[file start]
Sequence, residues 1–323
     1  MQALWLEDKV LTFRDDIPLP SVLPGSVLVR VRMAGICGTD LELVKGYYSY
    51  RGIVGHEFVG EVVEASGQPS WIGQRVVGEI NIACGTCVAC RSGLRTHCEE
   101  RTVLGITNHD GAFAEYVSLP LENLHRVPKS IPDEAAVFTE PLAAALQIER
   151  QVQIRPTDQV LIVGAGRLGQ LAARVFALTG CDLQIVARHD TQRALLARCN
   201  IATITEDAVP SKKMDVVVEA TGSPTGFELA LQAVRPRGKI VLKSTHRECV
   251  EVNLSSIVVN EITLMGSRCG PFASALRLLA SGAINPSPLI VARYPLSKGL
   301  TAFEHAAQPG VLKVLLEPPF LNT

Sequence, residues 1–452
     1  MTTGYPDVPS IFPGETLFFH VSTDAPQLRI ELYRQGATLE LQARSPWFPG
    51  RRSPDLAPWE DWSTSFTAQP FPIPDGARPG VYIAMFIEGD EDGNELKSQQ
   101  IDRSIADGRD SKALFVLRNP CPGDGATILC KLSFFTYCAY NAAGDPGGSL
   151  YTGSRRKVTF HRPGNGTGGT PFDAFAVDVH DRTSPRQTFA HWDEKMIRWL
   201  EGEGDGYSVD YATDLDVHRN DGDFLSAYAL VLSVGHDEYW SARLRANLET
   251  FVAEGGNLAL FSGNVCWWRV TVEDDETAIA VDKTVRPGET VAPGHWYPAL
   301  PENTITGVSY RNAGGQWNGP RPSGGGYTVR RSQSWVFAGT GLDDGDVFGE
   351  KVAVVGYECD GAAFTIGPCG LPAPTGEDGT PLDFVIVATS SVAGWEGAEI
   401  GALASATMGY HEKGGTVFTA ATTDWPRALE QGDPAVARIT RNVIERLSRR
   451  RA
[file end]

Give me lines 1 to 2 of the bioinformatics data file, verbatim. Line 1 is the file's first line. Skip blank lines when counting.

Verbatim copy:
Sequence, residues 1–323
     1  MQALWLEDKV LTFRDDIPLP SVLPGSVLVR VRMAGICGTD LELVKGYYSY